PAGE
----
Hardcore Raw & Uncut
Label: Fall Thru Entertainment
Author: Rowald Pruyn
From the ancient times of Roman reign, where honorable yet blood-thirsty citizens of Rome screamed their throats sore in the Colosseum, to the sizzling streets of the modern superpower the United States where the blood-thirsty children of honorable citizens scream their throats sore at violent group beatings. Two centuries apart, yet the blood lust that is aroused when standing nearby a fight hasn't dwindled for a bit. The smart entrepreneurs at Fall Thru Entertainment understood that well when they shot and marketed the street fight DVD-compilation "Hardcore Raw & Uncut."
It was a big surprise to find this DVD package among the weekly stash of reviewable items. The people at RapReviews do exactly what the name stands for: write rap related reviews, so when you come face to face with the picture of a bald-headed goon getting smacked in the head with a bar stool, raising an eyebrow is virtually unavoidable. It mystifies me on the whole why the makers of this violent piece of visual viciousness decided to send a copy to our website. Some of the background music is indeed composed of gritty, southern-style rap music, but just as easily Fall Thru used violent hardcore music to accompany their fighting sequences. This 'soundtrack to violence' could have better been taken care of by the evil mixing panel wizard Necro to provide for the necessary musical violence. Now, the music sounds like how a broken mirror looks like: lots of bits and pieces and seven years of bad luck.
"Hardcore Raw & Uncut" was made after the supposed success of the series "Ghetto Fights," whose title needs no explanation. Most images were shot before, during or after hardcore concerts and show how violent mosh pits can get bloody and vicious in just a few seconds. One of the most shocking examples of such a mood change is a fat punker kid that gets severely beaten, because he was so unwise to bring brass knuckles to a concert. He gets ravaged by five or six huge skinheads both inside and outside the venue and is kicked in the face while he is on the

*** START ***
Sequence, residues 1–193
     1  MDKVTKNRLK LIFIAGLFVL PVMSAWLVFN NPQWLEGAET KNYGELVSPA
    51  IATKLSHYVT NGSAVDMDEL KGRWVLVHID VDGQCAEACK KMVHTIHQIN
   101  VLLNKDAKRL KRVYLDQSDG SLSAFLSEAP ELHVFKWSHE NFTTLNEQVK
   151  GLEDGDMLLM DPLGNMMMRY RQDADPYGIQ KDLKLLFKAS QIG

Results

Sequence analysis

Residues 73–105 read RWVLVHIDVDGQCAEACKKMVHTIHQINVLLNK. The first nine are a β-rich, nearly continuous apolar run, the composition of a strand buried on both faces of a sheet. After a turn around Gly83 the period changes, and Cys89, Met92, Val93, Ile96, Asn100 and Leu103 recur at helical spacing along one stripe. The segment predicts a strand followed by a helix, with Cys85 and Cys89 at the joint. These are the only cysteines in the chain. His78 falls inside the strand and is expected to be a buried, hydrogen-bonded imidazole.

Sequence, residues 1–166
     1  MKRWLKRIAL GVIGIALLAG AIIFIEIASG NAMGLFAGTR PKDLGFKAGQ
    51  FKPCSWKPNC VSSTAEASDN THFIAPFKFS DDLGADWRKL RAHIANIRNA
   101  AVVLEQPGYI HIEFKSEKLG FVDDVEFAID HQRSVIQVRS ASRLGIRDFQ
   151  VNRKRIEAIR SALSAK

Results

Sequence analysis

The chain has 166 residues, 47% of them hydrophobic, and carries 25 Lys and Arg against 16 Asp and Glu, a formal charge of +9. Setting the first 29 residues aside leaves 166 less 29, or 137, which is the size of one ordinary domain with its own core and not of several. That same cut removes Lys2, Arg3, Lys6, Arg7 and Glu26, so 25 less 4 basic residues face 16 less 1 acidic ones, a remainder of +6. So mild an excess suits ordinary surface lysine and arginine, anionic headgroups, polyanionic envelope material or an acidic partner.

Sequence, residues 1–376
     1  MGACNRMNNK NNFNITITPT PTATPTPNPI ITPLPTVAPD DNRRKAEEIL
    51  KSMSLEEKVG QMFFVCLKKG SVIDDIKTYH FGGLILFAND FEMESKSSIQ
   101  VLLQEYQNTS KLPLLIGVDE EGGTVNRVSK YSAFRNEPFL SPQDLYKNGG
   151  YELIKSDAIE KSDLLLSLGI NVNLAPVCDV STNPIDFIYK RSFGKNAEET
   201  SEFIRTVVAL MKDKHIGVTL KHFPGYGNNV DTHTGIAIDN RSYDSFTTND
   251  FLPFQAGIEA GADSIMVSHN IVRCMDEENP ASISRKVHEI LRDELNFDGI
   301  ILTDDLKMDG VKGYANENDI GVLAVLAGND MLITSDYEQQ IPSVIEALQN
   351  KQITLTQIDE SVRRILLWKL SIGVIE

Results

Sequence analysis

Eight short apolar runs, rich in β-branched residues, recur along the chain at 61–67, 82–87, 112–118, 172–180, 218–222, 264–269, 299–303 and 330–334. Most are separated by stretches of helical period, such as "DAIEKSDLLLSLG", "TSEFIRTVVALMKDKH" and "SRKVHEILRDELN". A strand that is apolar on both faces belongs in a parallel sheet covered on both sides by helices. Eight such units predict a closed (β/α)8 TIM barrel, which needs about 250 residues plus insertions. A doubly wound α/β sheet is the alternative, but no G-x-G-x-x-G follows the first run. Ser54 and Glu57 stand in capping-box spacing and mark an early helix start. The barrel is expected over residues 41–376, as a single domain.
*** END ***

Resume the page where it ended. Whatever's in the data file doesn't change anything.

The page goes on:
ground bleeding heavily.
The camera work of this particular observation of "the reality of the streets" is just as fragmented as the background music. Most of the footage was shot in shady concert halls and on dark after-hour streets with patrol cars racing by and people running towards or from the action. It is amazing that the cameraman didn't get arrested for shooting his material at least a couple of times, because there are shots available of law abiding officers arresting people in a far from diligent manner. We've come a long way since Rodney King, apparently. The
violent sequences are pretty much randomly put together. A series of fights flaring up at rock festivals and punk concerts is followed by shots of beautiful women strutting their stuff and showing their own particular piece of ass. Interludes of Jackass-like stunts are shown in
between the sequences to give the viewer the feeling he is still watching entertainment in the flesh, not flesh in the meat grinder. A concrete road block smashing the windshield of a Neo Nazi owned hearse does not stand for the most delicate sense of humour, but it can be
entertaining to some.
The most fascinating aspects of "Hardcore Raw & Uncut" are the facial expressions and behavior of the people involved in the fights and the crowd surrounding them. Why do the fighters immediately take off their shirts when they have decided to attack the foe-of-the-evening? Why do the big-breasted girlfriends first try to make peace, then start bitch-slapping the drunken guy who is dude-slapping her boyfriend? And why does a bony ninety pound kid think he can take on a brute twice his size? That, unfortunately, remains in the dark of the streets, but I have no doubt that a modern-spirited sociologist would have a field day with these kind of real fights.
The DVD also shows trailers of other knucklehead conventions as an extra. They even surpass the level of violence of "Hardcore Raw & Uncut," which is not an easy thing to do. They include a special on ghetto car rallies and the intimate portrait of a despicable street criminal that goes by the illustrious name of Jiggaboo Jones. The curly-haired, shades-wearing hoodlum steals cars and robs a woman at gunpoint. Her fear is definitely no acting, and it's puzzling why this film hasn't reached a police headquarter somewhere in the US, especially with the recent trial
against the makers of the notorious "BumFights" series.
Whatever your opinion of these videos is, their significance is not be ignored. With all the restrictive policies in the world, you cannot stop people from wanting to do drugs, and you cannot stop them from beating each other senseless all the same. This bottom feeder video is shocking, hilarious, banal and grim at the same time. Watching shocking footage has been highly popular ever since "Faces of Death" made it to the video stores, and I have no doubt this will find its way to people's living rooms too. The quality of the shown material is not up to standard to be able give it a passing grade, however. Let's hope Fall Thru Entertainment doesn't take offense and starts sending by participants to persuade me to change my mind.
Content: 3 of 10
Layout: 3 of 10
TOTAL Vibes: 3 of 10
Originally posted: May 30, 2006